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I have a recursive program. When the printf is used in the function, it outputs 123 and when used outside, it outputs 0123 .

#include <stdio.h>

int main()
    int x=3;

int fact(int y)
    if (y > 0)

I am not using both the printf at the same time . What difference does the location of this printf statement create?

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up vote 0 down vote accepted

fact(int) is called by following sequence,


The last call is fact(0). According to the implementation of fact(int), when 0 is passed in, 0 is printed if printf() is used outsite. 0 is not printed if printf() is used inside.

In fact, all the values passed into fact(int) is printed when printf() is used outsite.

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Since your if condition looks for the values greater than zero, it is working as expected.

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When the printf outside that IF block is used, it gets executed even when y is 0, which is not the case for the printf inside the IF block.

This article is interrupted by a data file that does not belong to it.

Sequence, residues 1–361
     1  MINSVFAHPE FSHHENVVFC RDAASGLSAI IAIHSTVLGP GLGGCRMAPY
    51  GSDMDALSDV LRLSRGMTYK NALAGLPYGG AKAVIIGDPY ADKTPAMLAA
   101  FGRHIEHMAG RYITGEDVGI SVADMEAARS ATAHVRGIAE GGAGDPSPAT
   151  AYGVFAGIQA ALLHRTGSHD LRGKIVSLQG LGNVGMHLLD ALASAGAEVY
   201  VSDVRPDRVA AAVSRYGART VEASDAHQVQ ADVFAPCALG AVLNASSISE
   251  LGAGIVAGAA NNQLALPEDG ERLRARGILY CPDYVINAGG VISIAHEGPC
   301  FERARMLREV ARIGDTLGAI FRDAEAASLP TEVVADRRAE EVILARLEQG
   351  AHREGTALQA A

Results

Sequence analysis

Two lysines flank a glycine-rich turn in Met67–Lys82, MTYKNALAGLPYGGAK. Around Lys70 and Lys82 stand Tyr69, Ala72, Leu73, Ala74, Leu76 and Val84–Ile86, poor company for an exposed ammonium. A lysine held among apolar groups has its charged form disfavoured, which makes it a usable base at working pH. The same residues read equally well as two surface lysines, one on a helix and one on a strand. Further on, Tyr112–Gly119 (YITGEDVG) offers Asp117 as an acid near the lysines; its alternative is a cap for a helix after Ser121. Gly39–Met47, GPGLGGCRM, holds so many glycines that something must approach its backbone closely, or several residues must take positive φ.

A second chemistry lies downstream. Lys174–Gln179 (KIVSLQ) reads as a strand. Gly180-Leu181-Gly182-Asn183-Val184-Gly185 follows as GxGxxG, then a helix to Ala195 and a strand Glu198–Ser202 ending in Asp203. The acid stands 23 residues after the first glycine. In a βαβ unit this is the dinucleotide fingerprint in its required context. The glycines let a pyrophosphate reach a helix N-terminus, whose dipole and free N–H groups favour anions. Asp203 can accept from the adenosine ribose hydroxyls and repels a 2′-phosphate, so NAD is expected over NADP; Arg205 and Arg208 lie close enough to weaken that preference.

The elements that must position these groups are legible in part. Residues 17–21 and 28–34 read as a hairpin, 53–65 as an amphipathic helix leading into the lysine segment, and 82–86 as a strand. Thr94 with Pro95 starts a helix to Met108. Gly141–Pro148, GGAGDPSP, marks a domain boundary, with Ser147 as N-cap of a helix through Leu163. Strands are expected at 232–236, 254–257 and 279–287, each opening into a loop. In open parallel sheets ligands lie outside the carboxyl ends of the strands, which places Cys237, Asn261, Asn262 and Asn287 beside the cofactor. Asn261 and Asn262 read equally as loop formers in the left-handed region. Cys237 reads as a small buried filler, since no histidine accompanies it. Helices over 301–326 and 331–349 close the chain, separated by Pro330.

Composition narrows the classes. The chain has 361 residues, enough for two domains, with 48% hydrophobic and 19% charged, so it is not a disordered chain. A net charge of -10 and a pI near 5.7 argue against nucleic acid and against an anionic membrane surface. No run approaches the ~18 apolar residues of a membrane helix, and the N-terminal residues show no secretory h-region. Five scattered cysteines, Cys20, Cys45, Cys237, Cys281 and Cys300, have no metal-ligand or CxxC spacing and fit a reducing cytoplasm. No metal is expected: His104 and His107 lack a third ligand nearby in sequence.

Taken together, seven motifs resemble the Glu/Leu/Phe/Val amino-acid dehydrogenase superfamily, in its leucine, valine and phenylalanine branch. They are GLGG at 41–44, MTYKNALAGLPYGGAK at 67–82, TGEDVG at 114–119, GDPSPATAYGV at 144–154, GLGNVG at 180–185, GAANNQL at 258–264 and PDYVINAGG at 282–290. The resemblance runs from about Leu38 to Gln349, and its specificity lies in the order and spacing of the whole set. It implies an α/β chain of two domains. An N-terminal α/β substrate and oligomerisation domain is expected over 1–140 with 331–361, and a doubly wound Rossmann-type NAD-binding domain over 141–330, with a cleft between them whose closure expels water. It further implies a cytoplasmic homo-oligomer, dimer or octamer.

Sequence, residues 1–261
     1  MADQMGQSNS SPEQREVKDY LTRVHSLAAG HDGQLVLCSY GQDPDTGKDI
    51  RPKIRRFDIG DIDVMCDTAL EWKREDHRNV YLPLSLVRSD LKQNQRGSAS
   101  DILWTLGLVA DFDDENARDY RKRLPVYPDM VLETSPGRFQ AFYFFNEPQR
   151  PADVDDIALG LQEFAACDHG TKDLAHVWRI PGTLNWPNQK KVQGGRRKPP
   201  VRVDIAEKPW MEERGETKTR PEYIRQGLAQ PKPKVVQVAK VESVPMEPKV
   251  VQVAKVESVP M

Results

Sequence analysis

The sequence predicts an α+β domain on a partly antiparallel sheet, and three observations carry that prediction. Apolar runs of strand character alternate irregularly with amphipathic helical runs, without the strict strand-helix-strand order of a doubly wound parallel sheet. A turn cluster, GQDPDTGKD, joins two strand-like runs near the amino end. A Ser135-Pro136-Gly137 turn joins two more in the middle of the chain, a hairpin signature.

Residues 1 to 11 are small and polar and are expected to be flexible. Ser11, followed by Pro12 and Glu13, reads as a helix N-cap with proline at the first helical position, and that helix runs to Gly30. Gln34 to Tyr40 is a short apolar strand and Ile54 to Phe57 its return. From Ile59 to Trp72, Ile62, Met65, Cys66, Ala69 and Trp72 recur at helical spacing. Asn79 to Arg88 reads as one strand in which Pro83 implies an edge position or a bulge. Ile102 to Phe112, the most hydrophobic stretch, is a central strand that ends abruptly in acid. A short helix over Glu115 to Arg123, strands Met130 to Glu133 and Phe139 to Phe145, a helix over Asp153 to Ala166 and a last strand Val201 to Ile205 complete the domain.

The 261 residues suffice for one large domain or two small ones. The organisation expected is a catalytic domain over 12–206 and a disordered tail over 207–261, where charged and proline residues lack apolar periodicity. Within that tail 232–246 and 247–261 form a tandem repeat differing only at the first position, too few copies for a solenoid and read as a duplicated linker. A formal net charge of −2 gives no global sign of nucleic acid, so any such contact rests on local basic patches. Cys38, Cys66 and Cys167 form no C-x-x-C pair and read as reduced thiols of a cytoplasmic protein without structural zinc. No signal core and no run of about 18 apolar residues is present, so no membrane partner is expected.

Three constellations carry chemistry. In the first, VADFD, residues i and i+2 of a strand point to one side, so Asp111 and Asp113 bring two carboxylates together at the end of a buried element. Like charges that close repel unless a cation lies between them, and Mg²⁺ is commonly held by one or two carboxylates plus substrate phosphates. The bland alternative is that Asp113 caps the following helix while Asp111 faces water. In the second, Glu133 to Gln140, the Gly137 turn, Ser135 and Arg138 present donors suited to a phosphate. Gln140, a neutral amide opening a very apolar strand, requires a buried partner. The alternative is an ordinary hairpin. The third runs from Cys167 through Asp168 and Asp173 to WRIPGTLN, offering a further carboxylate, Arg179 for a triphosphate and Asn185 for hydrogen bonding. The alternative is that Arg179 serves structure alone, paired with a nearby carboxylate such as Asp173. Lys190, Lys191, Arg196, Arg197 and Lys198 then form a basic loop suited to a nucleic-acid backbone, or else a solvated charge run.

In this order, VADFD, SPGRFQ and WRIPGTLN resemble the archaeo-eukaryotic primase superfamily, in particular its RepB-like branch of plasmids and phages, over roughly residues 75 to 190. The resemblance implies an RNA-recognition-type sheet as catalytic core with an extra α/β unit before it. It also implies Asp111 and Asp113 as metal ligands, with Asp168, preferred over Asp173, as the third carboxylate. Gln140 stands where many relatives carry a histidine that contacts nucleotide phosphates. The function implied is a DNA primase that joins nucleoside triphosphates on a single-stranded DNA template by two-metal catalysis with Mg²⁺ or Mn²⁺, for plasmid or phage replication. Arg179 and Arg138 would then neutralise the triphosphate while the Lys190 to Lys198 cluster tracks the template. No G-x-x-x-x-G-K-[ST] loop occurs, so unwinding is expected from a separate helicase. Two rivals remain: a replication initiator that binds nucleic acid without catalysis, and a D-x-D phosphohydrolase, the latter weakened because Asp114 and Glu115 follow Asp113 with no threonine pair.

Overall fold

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I'd say one reason you didn't see the answer yourself is because your code is sloppy. Here are some complaints:

  1. Your functions have no explicit return statements which are especially important for understanding recursive code.
  2. system() requires stdlib, but stdlib.h isn't included.
  3. system("PAUSE") is unportable and unnecessary. Actually your code would not run on my system because of this. See:
  4. Your question looks like homework, so this one is the homework's fault and not yours: because n! grows so quickly, factorial functions using 'int' for the return type can only calculate n! for 1<=n<=12, which is useless.

Try this exercise: write a one-line factorial function using a single return and a conditional assignment.

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I should add that I'm not trying to rip on you for not being perfect when you're learning to code. My point is just: cleaner code => easier to read => fewer bugs – Douglas B. Staple Sep 23 '12 at 13:34

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